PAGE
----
The drawing below was not very successful because the shading on the cupboards was not effective. It was a very dark area, so possibly I should not have added detail to the cupboard doors, or perhaps I should have added black pen to show darker areas.
It was a quick study, I am pleased with the jars, bottles and kettle on the work top. As a line drawing I would be pleased with it, but the tonal aspects of this drawing are not successful.
I liked drawing lots of clutter and objects, in my room and the living room. I think that makes a drawing interesting.
Four quick preliminary sketches establishing shapes and mapping tone. I used soft pencil as it was one of the suggested mediums.
This view is facing south from the living room, and it creates good contrast and geometric shapes. There is some foreshortening in the chair and the table.
The drawing below is the East view, through the kitchen from the living room. There is foreshortening in the counter top and draining board, of which you cannot see the top surfaces. It is also my first drawing in this exercise which is portrait format. This gives it more opportunity for vertical lines.
The image below is the West view from the centre of the living room, with the windows to your left. There is foreshortening in the corridor and the chair.
The view below is another West view from the East side of the living room, with some foreshortening in the chair furniture and corridor.
Below is a south view drawing with coloured pencils, developing composition ideas relating to the foreground and the background. Using coloured pencils adds warmth to the image; the colour depicts a different element of the view and the character of the room.
Below is an east view in pencil, continuing to develop ideas to do with foreground and background. I think that having objects close up as well as in the distance makes a dynamic composition. The foreground is interesting, while the middle ground puts the foreground in perspective, leading your eye to the background. It makes for an interesting picture because you can fit a lot in.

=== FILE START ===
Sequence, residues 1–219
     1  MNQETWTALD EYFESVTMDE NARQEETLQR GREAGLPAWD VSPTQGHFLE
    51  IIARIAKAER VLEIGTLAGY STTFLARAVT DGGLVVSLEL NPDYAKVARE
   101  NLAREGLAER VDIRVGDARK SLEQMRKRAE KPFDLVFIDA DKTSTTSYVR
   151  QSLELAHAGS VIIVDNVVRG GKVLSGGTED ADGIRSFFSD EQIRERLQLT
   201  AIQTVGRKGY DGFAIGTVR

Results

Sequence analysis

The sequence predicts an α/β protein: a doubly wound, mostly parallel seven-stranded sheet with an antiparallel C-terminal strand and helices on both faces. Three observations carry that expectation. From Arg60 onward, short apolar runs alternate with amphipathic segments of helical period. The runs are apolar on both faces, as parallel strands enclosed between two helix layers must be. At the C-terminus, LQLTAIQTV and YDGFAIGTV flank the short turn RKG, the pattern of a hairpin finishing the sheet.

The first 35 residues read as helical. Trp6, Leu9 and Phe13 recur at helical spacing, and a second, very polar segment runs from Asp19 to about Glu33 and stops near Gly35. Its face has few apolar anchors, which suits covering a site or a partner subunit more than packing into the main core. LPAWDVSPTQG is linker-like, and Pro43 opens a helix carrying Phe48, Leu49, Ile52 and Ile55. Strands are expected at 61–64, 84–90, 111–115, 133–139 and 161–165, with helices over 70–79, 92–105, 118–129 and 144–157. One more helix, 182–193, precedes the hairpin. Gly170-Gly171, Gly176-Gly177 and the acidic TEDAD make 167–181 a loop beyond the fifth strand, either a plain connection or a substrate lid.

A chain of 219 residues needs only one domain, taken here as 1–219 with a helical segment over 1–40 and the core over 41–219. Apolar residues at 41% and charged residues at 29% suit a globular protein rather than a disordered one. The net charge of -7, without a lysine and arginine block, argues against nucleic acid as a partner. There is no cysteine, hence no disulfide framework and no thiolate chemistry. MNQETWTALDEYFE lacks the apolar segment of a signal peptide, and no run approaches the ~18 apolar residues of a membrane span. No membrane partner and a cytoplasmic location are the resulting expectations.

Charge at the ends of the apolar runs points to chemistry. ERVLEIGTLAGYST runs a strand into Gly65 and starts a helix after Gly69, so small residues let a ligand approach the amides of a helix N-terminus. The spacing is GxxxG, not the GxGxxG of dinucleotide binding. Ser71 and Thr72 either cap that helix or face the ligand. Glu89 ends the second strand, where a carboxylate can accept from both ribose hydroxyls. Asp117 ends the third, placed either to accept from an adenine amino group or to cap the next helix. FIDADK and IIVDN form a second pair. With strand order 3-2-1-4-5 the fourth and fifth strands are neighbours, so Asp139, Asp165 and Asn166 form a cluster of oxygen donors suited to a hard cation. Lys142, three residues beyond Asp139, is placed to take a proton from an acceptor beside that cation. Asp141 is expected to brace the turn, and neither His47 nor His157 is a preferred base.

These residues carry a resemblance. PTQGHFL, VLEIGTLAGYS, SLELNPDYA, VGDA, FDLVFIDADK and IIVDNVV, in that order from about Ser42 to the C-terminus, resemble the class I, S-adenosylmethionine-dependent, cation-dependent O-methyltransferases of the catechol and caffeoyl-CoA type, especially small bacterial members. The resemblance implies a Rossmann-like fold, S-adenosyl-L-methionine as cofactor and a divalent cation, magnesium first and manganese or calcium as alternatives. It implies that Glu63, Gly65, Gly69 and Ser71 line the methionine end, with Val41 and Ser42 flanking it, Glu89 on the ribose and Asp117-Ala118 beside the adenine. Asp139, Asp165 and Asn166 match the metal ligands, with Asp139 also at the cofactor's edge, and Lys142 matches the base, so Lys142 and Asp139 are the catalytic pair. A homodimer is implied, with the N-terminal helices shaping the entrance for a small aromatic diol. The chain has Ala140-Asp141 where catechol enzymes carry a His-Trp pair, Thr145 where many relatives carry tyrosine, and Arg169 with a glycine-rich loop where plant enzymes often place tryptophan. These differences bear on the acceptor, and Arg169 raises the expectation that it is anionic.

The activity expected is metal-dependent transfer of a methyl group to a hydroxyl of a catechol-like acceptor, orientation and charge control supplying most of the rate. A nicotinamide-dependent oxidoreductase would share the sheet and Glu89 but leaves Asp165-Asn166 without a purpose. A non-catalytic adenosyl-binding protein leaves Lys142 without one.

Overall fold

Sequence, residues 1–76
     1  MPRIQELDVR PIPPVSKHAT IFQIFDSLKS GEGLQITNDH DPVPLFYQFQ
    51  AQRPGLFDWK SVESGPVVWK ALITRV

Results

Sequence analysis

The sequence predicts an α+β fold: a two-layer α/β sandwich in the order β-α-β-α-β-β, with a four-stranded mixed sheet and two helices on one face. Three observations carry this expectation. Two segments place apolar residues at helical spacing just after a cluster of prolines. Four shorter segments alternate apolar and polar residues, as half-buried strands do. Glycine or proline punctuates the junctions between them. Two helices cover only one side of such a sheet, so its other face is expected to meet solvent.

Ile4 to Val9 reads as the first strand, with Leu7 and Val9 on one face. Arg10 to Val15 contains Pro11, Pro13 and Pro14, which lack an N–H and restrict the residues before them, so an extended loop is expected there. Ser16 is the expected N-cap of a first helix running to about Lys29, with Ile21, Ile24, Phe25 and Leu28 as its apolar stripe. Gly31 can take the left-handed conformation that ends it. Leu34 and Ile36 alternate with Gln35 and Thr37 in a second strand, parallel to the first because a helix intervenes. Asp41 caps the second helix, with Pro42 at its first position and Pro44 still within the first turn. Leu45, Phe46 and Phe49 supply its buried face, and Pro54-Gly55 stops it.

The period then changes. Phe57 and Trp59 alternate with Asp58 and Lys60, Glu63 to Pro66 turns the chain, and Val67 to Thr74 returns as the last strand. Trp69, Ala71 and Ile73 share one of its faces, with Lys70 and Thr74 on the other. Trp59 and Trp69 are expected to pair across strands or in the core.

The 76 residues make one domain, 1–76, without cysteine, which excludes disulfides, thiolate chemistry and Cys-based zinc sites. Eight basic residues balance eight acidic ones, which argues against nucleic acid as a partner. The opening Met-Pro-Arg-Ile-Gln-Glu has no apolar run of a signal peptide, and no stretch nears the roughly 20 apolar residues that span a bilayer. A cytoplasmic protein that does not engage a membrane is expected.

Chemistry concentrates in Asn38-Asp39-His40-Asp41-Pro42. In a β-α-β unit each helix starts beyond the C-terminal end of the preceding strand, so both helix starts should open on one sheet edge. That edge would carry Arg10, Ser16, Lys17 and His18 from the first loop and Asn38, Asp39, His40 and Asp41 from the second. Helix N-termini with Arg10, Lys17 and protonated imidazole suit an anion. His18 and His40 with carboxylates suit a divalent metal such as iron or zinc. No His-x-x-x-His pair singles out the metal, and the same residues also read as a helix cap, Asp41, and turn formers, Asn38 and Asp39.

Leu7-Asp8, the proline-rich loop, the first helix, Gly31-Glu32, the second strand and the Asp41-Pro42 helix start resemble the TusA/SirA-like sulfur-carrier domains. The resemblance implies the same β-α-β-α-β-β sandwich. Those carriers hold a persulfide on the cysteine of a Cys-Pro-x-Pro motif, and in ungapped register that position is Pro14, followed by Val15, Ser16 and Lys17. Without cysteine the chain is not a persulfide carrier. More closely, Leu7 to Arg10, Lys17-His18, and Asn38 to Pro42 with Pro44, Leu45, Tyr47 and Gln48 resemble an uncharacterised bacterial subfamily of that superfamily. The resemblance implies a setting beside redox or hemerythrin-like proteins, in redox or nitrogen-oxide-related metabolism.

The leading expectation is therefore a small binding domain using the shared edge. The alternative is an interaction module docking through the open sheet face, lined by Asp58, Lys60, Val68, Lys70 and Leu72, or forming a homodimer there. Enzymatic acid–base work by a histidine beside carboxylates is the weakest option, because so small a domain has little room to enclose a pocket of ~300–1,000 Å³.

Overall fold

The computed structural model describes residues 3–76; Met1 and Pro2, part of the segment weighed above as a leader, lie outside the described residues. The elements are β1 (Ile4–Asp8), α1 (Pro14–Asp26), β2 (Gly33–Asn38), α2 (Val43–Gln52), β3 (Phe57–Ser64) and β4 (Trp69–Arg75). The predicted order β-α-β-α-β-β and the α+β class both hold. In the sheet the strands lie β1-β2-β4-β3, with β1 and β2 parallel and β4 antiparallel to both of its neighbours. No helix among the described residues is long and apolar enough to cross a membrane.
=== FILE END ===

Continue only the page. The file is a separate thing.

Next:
Below is another west view from the east corridor looking through the living room all the way to the dark place which is the west corridor. This is another portrait format drawing, this format works really well for this view because there is more to see vertically than horizontally.
At this point in the exercise I thought I should loosen up and relax, because I have started to become precious in my pursuit of accuracy, and my quick studies have become long, careful events. So I decided to try a different approach, using a selection of media and working freely and quickly.
The above drawing is made using ink and brush and is an east view of the living room. This was actually a really productive exercise because working this quickly you really record what you see. Each drawing is very different from the next. It is a good way to really get to know a view, to break it down to its basic pieces. Shapes, lines, areas all boiled down to their simplest forms. You record what you notice in the first second, without over thinking or analysis.
The drawing above I added coloured pencils to, and some collaged paper from the inside of an envelope. The different colours were added very quickly, but they do represent different areas of the room, furniture, spaces, shadows etc.
Above you can see was first drawn in coloured pencil, followed by ink wash, followed my more pencil to fill spaces of colour in.
The drawing above is made in semi-continuous line, with different colours to help organise the different layers of silhouette and simplistic line drawings.
The drawing above is a dramatic drawing of the hallway leading to the door, with negative space surrounding it. This creates a focal point which helps you to concentrate on one small part of a view, and sort of change the way it is perceived.
Working fast and loose and letting the media lead me really helped me to open my imagination to the possibilities of the exercise.